Because of family problems, I paid very little attention to the outside world in 2008-09.  I sum these things up, briefly, by saying “My parents were both very ill and my mother died.”  Although the death belongs in the “blessed relief” category, the grieving process takes its course regardless of one’s actual feelings.  I hadn’t grasped that before.  Grief isn’t necessarily about sadness, but about adjusting to a new reality.  Anyway, I remember vividly the day that Lehmann went under, because I was in FamilyLand, on the phone with a friend in New York who was stunned by the whole thing; she reported on the financial people wandering the streets in the middle of the day looking shell-shocked.  But it was late morning on the left coast, and, in a brief respite from attending on my mother, I was sitting in the sun in a hemlock grove, on a redwood deck built by my nephew from trees he had felled, enjoying the peace and the sunlight, enjoying hearing from a friend I loved but rarely saw, and who was a tremendous support during my mother’s last years.  It was a rare moment of comfort in a difficult trip.  The bankruptcies and the Dow’s slide seemed remote, unreal, impossible, a matter of pixels on screens; reality was wood, slate, glass, concrete, a whole house that was not there before my nephew built it.  This would continue, I thought, people would make things, the world would go on.

Well, it did.  And it didn’t.  People who move pixels on screens spend actual money on houses and other objects created by the people who make things.  My nephew and his wife spent awhile living in their own basement apartment while they rented out their beautiful house, though eventually they reclaimed it for themselves and, now, their children.  I tell the story to illustrate my state of mind at the time.  I’ve rarely blogged about world events of any sort, preferring to ramble on about writing, cats, and the academic life, but I was especially self-absorbed that year.  I have no idea what the job market was like, or whether jobs were advertised and then yanked, or what else might have happened.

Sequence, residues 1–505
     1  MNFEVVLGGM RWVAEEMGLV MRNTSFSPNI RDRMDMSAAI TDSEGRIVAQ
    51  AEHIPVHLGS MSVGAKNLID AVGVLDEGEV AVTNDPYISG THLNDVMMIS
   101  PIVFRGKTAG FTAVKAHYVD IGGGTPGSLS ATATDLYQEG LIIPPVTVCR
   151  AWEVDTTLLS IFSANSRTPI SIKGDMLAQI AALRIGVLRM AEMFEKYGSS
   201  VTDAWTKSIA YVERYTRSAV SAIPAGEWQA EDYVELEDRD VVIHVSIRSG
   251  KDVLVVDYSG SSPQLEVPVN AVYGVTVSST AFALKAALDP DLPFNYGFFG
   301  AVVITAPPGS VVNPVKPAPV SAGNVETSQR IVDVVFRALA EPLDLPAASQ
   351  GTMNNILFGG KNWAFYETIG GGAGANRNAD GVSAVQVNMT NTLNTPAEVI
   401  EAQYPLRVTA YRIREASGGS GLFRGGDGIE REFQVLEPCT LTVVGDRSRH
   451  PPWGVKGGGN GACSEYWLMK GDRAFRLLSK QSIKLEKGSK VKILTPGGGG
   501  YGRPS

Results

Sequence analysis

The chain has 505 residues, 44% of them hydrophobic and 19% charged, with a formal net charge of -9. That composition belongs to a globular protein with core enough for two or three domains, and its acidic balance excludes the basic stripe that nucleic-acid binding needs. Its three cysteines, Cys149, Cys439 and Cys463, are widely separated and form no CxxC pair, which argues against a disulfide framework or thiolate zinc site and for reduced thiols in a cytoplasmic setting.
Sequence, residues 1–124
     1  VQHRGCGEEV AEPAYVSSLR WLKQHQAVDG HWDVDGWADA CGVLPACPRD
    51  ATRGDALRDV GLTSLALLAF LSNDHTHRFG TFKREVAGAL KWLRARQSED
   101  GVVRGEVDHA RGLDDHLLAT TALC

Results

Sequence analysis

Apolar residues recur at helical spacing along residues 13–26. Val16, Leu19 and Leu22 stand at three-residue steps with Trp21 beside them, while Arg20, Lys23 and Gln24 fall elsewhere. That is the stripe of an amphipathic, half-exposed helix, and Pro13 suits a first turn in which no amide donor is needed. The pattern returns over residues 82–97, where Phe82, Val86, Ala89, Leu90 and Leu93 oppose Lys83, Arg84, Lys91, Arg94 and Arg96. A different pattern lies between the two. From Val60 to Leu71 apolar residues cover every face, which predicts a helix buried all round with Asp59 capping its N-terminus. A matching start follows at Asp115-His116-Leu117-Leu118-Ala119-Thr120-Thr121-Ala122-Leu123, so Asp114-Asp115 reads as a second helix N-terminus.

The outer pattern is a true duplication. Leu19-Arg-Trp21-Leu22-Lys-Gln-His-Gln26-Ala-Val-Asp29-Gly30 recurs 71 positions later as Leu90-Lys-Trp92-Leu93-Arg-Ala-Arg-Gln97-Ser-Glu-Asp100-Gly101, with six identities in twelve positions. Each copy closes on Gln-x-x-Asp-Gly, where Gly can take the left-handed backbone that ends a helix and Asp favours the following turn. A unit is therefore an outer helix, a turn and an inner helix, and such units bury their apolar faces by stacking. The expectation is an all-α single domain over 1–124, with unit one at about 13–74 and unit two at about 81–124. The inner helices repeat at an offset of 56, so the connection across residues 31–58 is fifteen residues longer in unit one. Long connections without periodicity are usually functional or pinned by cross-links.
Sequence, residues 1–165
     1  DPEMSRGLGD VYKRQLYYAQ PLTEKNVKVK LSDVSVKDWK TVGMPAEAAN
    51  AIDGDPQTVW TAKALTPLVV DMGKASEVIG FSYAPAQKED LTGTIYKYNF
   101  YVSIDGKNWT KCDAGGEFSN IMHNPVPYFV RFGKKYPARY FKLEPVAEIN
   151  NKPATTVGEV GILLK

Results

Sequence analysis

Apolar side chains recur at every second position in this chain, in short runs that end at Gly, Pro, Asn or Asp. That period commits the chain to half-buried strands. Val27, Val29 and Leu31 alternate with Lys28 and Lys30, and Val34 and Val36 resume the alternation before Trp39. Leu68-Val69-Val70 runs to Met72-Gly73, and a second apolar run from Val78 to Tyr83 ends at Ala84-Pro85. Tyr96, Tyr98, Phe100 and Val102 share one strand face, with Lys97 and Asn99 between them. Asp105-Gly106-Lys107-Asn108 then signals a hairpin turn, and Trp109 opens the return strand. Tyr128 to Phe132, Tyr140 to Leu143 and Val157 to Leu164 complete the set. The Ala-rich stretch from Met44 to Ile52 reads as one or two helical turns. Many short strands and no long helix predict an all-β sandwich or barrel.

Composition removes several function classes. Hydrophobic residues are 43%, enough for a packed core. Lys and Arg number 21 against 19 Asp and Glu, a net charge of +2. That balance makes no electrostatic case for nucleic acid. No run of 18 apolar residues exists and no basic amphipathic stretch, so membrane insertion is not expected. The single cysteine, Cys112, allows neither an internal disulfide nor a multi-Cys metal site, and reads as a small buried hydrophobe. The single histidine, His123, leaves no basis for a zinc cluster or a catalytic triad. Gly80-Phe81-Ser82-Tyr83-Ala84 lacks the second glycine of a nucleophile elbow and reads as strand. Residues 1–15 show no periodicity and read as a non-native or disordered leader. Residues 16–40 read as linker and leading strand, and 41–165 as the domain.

So, did junior faculty and graduate student bloggers get spooked and feel they’d better be more circumspect, shut down, go away, not be available for hiring committees to observe online?  Did they decide to buckle down and write more on their dissertations or books so they’d be more hire-able or tenure-able, and give up on blogging as a time-waster?  Or is this pure coincidence (how many academic babies were born in ’08-’09?), or simply that I haven’t actually counted up how many of the bloggers I once read quit in particular years?